Still Country: WSM Keeps Format, Opry

This appeared on - January 14, 2002

WSM-AM will stay country.

Ending weeks of speculation and listener outrage, Gaylord Entertainment Corp. announced today (Jan. 14) that Nashville radio station WSM-AM (650) will keep its country music format. Gaylord CEO Colin Reed broke the news at a press conference held at Ryman Auditorium and attended by country stars Vince Gill, Connie Smith, Marty Stuart and Billy Walker.

Reed also said that the Grand Ole Opry will remain on WSM-AM, the station that launched the world-famous radio show 76 years ago. He noted, however, that there would be "changes" at the station, although he did not hint at what those changes might be.

Since the press conference was held at the historic home of the Opry in front of a banner that showed WSM-AM’s lute-like logo, Reed’s announcement was somewhat anti-climatic.

In his remarks leading up to the announcement, Reed made it clear that Gaylord sees the Opry as its crown jewel and a property that must be developed. He marveled at the Opry’s fame, noting that when he was on a recent trip to London, a car rental clerk at Heathrow Airport saw he was from Nashville and said, "Oh, the home of the Grand Ole Opry."

Reed also would not say if personnel changes were anticipated at the station or if any headway had been made toward getting the Opry syndicated. He did confirm that potential syndicators were interested in the show.

Beside the prospect of syndication, Reed said that other approaches were being discussed that might increase Opry listenership and profitability. These include devoting more days to Opry shows than the present Fridays and Saturdays; featuring on the Opry a mix of up-and-coming artists, "legends" and country stars; and using the company’s database to communicate with listeners directly.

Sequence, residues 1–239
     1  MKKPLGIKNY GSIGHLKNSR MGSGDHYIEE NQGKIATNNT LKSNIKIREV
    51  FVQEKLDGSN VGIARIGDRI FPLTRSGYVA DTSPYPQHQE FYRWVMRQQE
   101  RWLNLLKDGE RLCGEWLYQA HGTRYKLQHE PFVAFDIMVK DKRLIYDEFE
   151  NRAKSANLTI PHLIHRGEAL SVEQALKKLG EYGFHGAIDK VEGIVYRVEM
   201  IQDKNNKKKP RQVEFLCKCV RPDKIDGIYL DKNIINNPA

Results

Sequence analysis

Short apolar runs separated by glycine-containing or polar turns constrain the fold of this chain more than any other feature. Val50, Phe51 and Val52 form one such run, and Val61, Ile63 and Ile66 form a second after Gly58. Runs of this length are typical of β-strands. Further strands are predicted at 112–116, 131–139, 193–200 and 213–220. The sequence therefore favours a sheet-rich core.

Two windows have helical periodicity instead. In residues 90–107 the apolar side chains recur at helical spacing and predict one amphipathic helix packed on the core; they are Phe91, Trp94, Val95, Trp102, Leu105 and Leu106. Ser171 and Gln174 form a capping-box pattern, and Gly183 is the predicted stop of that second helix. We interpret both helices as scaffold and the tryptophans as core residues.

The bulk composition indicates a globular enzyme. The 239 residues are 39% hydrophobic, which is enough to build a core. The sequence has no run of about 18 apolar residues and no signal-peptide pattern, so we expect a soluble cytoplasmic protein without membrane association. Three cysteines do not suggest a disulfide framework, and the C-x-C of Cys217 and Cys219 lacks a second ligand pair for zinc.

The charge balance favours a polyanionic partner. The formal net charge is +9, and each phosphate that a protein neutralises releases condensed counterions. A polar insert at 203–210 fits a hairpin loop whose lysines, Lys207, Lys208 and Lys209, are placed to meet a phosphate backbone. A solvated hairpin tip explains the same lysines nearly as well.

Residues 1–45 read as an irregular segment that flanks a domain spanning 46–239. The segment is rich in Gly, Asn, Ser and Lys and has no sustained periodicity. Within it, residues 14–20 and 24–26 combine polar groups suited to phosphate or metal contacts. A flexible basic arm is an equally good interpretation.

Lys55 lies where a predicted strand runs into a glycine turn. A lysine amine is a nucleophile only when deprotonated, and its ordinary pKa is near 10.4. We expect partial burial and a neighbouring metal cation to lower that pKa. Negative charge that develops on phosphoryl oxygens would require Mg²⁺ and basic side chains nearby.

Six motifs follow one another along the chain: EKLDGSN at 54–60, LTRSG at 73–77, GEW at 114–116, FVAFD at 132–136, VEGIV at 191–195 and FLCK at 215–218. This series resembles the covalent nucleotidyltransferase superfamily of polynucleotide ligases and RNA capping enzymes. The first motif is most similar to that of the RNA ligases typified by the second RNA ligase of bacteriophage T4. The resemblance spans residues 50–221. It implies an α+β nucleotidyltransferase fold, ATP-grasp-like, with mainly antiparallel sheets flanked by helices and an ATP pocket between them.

In explaining his decision to keep the station country, Reed said, "What it came down to for us is that we weren’t dealing with a conventional AM station. ... The ratings [which showed a decline in listenership] might be wrong. We couldn’t look at this in a vacuum."

What other station, he asked rhetorically, could make national news -- as WSM-AM has lately -- simply by considering a change in format?

By Reed’s account, his company had never decided to switch the station to a sports/talk format. This was simply one of the options looked at, he maintained. He did indicate that he was more heartened than intimidated by the impassioned e-mails, phone calls and demonstrations in support of keeping the station traditional country. "We have to shape the Grand Ole Opry and WSM by what the listeners say to us," he said.

Having completed his announcement, Reed looked over at staunch traditionalist and Opry member Stuart and said, "You can put that gun away, Mr. Stuart."

After Reed finished answering questions from reporters, Gill took the microphone to say, "I’ve watched the papers over the last couple of weeks, and I saw mostly bashing of Gaylord. ... But on behalf of all of us that really revere the tradition and the reverence of where this music began, we also should be willing to say thank you."

By Edward Morris

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